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At home, Johnson's dressed plainly in a black blouse that limps down her shoulder to expose a few freckles, and black pants.
Her closet isn't filled with big-name designers. Just three little items she ticks off aloud. She owns an Yves Saint Laurent jacket, a Betsey Johnson dress (no relation), and a Balenciaga belt. The latter was a gift from a former student.
"I wear things for what they look like," she says, "not for the name on the tag."
Fitting, since LabelHorde has thrived -- or, at least, survived -- by way of no-name local designers.
LabelHorde is, essentially, a directory for local fashionistas and 'nistos. Johnson thinks of it as "a Yellow Pages" for designers. What was once a bimonthly glossy magazine Johnson launched back in November 2003 has shifted almost exclusively to the Internet (www.labelhorde.com), where you can find a calendar of events around the Valley -- from a fashion show at a Biltmore boutique to the upcoming Fashion Week -- as well as links to local designers and models, articles on skin care and "stylist profiles," and a forum for online visitors, where newbies to the fashion scene solicit advice on getting a business license, and LabelHorde members discuss the ethical dilemma of buying Louis Vuitton rip-offs. (See the "Fake vs. Authentic" thread from August 5.)
LabelHorde's been produced with cheap (read: free) labor, for the most part. Before the past few months -- during which Johnson says she's put in 18-hour days maintaining the Web site, coordinating shows and working on her own designs -- much of the work, like writing articles, selling ads and organizing photo shoots, was done by art students looking to break into the local "industry." But lately, Johnson's had trouble getting anyone else involved.
Johnson says she's about to apply for nonprofit status for LabelHorde; that is, if it lasts that long. (Trust her, Johnson says, it's already nonprofit. Just last month, she says, she pulled $1,000 out of her personal checking account to put LabelHorde's business account back in the black.)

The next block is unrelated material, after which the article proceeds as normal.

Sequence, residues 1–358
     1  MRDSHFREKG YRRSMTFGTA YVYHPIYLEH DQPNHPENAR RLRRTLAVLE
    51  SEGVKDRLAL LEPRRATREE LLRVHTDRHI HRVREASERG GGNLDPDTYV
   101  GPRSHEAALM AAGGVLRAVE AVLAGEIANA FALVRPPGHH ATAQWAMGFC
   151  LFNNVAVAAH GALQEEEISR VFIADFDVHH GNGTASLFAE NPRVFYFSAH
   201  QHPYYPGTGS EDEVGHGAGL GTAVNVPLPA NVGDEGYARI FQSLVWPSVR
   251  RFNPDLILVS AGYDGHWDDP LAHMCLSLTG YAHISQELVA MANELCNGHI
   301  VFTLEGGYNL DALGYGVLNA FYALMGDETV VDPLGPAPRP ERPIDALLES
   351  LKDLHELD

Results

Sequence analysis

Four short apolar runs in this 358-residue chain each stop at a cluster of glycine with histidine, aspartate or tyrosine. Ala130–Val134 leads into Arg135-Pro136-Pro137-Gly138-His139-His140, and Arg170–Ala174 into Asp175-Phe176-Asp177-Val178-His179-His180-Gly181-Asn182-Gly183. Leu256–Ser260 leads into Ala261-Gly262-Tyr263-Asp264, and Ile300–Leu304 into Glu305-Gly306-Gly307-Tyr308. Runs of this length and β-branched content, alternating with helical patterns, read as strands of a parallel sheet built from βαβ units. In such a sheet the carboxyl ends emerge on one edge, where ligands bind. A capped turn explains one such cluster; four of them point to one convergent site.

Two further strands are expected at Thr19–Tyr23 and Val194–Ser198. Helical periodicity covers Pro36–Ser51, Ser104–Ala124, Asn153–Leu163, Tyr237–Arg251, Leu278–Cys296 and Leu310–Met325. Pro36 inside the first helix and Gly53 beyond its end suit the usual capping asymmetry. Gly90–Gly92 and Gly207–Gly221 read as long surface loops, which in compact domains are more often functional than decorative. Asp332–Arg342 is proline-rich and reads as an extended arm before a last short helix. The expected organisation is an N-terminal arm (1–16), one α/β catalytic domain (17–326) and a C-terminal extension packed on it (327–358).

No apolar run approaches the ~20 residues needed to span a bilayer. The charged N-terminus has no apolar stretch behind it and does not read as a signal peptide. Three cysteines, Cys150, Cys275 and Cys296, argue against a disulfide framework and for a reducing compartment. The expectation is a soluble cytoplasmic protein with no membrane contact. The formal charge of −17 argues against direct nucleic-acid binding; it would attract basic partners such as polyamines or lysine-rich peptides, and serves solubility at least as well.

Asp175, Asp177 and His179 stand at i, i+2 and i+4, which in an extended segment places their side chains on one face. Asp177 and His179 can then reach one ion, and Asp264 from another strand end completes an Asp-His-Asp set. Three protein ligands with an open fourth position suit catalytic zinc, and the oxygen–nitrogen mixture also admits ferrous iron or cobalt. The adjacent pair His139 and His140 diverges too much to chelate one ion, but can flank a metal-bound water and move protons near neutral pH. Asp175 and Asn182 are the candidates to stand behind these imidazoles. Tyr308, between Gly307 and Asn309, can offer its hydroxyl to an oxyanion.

In the meantime, wanna-be members need only pay $200 to get in on the action. For two C-notes, designers, models, and anyone else wanting to break into the scene get their own page on the Web site, complete with a bio, photo, description of their work, and contact info.
And they get an invitation -- along with LabelHorde's other paid members, 165 in all -- to strut their stuff at the annual Fashion Ball, which kicks off Johnson's ambitious Fashion Week in November.
It sounds like a smokin' deal for fashion upstarts looking for a little exposure. It's certainly done wonders for Johnson and her business partner, Rhonda Zayas.
As many as a half-dozen local boutiques have sold Johnson's designs at one time or another -- including 42 Saint, the Lily Pad, and Swell. Others currently carry her line in New York City and L.A.
But clearly, Johnson owes as much to the local media (if not much, much more) for her modest success as she does to the clothes themselves. She's parlayed LabelHorde into mounds of press coverage -- from the Arizona Republic's weekly style supplement, YES, to local rags like 944, Java, Sonik, Arizona Foothills, and BizAZ.
Zayas, in turn, has leapt from the sole responsibility of designing and maintaining the LabelHorde Web site to "style management" for a few local bands, and promoting and coordinating her own monthly show of music and fashion -- coined "SoundStyle" -- at Tempe's Last Exit.
LabelHorde's been good to them; that is, if you believe their self-penned press releases and the media coverage that's followed them. Johnson admits she's not making a killing off selling her clothes. She says she'll break even this year after having sold about $10,000 worth of designs (custom pieces usually sell for an average of $300 apiece; the clothes she sells in small boutiques run from $30 to $110). She supplements her living by teaching fashion marketing classes at the Art Institute of Phoenix.
Of the 50 local designers who pay their dues to LabelHorde, nobody's doing any better than Johnson, the woman who started it all because she "just wanted to be nice and help everyone get into the fashion industry."
Johnson describes her parents as hippies (her mother, Paula, named her two daughters Angela Dawn and Summer Rain), who were 17 and in high school when they found out they were going to have a baby. They immediately were married and divorced just a year later. Johnson says she was raised more by her grandparents.
"Looking back, I think my mom was more like my sister," she adds.
When Angela was 9, her mother noticed that she had a flair for the dramatic, staging living room productions for the rest of the family, and constantly craving attention. Soon thereafter, she hooked Angela up with a local agent, who promptly got her working in television commercials, one for big-screen TVs and another for discount store Yellow Front, which has long since gone out of business.
"Kids can be cruel," Johnson's mother says. "The kids at school knew that Yellow Front was kind of trashy; it was like Kmart. And there was Angela doing a commercial in Yellow Front clothes."